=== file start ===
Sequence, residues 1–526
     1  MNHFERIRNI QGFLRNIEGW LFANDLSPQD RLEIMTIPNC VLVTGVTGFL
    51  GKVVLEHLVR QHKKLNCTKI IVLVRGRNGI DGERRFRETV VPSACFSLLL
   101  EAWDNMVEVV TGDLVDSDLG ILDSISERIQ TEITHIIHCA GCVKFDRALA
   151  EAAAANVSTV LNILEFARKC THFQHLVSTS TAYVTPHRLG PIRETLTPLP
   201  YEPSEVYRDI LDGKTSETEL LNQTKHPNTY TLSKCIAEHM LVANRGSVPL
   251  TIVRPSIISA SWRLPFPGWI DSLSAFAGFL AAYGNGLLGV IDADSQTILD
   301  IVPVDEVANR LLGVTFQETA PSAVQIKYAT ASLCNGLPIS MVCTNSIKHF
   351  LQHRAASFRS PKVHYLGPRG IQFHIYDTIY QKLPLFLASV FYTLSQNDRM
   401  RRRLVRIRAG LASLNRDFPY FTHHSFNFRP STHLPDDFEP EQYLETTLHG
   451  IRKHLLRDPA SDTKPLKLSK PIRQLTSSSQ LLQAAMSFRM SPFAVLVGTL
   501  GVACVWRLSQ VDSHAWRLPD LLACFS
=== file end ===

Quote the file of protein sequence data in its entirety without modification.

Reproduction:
Sequence, residues 1–526
     1  MNHFERIRNI QGFLRNIEGW LFANDLSPQD RLEIMTIPNC VLVTGVTGFL
    51  GKVVLEHLVR QHKKLNCTKI IVLVRGRNGI DGERRFRETV VPSACFSLLL
   101  EAWDNMVEVV TGDLVDSDLG ILDSISERIQ TEITHIIHCA GCVKFDRALA
   151  EAAAANVSTV LNILEFARKC THFQHLVSTS TAYVTPHRLG PIRETLTPLP
   201  YEPSEVYRDI LDGKTSETEL LNQTKHPNTY TLSKCIAEHM LVANRGSVPL
   251  TIVRPSIISA SWRLPFPGWI DSLSAFAGFL AAYGNGLLGV IDADSQTILD
   301  IVPVDEVANR LLGVTFQETA PSAVQIKYAT ASLCNGLPIS MVCTNSIKHF
   351  LQHRAASFRS PKVHYLGPRG IQFHIYDTIY QKLPLFLASV FYTLSQNDRM
   401  RRRLVRIRAG LASLNRDFPY FTHHSFNFRP STHLPDDFEP EQYLETTLHG
   451  IRKHLLRDPA SDTKPLKLSK PIRQLTSSSQ LLQAAMSFRM SPFAVLVGTL
   501  GVACVWRLSQ VDSHAWRLPD LLACFS